3. Buffington asserts, on three separate grounds, that the trial court erred in granting Sasser's motion for summary judgment. Initially, he submits that there exists a factual dispute as to whether the termination agreement ever became enforceable, due to Sasser's non-performance of an alleged obligation under that agreement to effect the transfer of the Milledgeville project subcontract from Dresco Corporation to Buffington and Dresco Mechanical Contractors, Inc. This interpretation of the agreement is, however, contradicted by its clear and unambiguous language, which obligated Buffington, rather than Sasser, to use his best efforts to effect such an assignment of the Milledgeville project subcontract. We find no evidence of any nonperformance on Sasser's part which would excuse Buffington from the performance of his contractual obligations under the termination agreement.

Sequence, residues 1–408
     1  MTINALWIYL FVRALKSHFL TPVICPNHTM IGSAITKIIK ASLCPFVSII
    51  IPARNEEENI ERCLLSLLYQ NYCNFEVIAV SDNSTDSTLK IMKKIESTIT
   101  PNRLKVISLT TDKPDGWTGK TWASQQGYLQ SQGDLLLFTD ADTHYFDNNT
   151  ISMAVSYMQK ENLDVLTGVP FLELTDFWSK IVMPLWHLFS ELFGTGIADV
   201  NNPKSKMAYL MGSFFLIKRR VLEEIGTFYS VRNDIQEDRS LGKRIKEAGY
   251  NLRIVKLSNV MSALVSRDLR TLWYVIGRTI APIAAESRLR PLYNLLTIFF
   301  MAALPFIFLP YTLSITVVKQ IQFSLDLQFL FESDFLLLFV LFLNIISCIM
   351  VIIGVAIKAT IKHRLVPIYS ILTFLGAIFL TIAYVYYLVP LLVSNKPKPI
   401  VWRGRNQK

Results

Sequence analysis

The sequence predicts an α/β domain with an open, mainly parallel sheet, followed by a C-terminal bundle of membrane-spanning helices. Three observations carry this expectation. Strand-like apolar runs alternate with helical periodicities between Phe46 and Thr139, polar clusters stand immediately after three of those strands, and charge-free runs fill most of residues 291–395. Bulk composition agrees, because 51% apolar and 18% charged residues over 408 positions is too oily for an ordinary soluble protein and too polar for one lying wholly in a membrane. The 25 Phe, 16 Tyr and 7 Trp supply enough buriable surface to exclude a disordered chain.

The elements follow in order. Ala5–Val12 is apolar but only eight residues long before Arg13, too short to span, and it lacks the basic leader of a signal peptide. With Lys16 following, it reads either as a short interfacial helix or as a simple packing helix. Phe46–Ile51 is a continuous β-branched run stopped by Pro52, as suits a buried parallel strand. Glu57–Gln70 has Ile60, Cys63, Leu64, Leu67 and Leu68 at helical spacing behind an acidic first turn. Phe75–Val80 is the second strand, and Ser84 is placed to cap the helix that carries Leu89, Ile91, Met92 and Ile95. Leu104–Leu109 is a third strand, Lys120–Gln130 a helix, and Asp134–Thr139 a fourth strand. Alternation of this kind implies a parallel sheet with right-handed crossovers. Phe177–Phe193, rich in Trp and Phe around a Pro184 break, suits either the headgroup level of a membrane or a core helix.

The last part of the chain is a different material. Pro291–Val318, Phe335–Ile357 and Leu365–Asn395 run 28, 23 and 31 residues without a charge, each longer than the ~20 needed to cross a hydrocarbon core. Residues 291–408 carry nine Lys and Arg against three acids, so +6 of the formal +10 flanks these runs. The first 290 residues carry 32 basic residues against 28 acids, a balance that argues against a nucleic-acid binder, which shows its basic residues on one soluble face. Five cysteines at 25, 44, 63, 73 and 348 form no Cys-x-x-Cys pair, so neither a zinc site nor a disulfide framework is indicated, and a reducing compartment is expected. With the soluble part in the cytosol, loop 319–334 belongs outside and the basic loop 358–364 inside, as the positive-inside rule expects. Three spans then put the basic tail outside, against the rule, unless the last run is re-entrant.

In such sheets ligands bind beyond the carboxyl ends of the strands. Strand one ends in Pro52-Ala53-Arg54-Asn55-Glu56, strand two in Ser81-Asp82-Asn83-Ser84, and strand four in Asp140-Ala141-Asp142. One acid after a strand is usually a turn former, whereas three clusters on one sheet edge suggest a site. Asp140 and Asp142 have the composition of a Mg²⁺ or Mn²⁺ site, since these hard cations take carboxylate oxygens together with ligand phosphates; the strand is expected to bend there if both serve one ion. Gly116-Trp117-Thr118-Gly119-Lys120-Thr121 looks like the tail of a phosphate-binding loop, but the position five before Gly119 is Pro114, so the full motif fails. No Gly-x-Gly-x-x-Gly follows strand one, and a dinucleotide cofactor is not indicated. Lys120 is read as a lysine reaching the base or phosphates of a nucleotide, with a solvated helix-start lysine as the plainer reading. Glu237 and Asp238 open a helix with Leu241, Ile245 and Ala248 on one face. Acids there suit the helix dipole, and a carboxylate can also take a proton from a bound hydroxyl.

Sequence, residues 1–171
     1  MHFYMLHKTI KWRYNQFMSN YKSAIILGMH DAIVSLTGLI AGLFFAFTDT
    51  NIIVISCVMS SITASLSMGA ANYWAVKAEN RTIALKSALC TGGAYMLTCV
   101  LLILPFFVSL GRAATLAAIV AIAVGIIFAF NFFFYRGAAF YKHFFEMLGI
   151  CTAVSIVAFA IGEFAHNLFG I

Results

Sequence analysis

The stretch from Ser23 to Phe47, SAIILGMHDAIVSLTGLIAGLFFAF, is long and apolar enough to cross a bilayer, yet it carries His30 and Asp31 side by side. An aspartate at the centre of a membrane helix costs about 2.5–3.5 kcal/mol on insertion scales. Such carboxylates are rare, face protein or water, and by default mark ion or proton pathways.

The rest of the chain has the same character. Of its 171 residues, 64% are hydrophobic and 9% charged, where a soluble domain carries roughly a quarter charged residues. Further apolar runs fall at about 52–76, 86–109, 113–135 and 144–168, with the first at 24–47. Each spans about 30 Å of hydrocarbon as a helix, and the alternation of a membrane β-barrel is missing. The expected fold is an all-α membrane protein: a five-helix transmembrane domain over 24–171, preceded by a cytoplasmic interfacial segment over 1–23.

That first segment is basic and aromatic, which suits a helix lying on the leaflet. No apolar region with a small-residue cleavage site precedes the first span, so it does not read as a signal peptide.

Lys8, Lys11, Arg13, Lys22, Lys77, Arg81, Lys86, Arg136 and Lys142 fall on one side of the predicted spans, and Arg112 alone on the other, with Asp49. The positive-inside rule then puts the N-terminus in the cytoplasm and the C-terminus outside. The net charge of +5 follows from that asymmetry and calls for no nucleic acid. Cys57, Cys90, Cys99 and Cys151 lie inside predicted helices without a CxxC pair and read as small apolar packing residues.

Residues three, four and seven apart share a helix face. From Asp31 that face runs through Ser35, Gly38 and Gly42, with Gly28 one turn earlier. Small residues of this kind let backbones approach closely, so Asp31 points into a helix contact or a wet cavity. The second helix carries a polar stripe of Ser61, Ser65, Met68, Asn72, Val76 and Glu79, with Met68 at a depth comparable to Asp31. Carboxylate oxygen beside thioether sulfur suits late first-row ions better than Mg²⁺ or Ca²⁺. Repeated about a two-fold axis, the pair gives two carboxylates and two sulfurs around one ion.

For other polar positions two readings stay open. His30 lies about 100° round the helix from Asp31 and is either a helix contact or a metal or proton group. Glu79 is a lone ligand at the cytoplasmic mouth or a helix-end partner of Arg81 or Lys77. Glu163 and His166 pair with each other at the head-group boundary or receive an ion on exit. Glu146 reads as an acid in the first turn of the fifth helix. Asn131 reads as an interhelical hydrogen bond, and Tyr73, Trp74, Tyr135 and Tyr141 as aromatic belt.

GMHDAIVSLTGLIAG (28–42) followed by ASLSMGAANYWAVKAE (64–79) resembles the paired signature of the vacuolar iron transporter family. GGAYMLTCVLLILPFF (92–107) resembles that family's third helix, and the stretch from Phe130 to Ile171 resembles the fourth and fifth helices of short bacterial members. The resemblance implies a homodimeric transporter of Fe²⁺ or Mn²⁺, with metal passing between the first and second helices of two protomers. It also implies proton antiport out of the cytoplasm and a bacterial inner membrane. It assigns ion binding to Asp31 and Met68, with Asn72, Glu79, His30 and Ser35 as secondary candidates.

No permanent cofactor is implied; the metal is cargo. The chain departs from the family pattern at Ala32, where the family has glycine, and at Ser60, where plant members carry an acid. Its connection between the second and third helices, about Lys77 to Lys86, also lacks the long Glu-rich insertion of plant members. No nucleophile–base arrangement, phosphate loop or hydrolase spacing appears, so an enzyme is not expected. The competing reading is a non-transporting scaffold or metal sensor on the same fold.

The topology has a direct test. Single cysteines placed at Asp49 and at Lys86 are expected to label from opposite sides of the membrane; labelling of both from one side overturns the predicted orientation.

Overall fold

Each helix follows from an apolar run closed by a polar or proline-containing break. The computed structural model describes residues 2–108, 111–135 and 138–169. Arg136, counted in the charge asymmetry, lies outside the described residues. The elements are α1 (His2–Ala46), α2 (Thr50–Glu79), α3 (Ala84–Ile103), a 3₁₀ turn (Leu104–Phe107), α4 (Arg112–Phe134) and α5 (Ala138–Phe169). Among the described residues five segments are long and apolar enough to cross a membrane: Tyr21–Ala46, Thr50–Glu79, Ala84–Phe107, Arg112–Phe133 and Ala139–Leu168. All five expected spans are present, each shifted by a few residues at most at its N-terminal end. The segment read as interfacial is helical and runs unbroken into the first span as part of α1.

Buffington secondly asserts the defenses of payment, release, novation, and accord and satisfaction, based on certain language appearing in a settlement agreement executed by the parties to the federal litigation, specifying that any right of recovery Sasser and Buffington might have against each other was to be contingent upon a recovery by the plaintiff in that action. However, that settlement agreement, which has been made a part of the record in the present action, also contains a reservation of rights clause specifying that any existing right of recovery Sasser might have against Buffington was not to be diminished as a result of the agreement.